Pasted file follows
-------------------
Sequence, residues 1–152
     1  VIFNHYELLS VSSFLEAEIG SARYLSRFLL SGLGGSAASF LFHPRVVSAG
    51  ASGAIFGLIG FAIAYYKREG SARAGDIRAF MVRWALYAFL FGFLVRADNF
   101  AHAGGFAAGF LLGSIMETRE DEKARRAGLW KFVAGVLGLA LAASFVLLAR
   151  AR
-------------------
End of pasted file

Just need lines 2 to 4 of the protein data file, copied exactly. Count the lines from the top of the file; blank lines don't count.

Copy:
     1  VIFNHYELLS VSSFLEAEIG SARYLSRFLL SGLGGSAASF LFHPRVVSAG
    51  ASGAIFGLIG FAIAYYKREG SARAGDIRAF MVRWALYAFL FGFLVRADNF
   101  AHAGGFAAGF LLGSIMETRE DEKARRAGLW KFVAGVLGLA LAASFVLLAR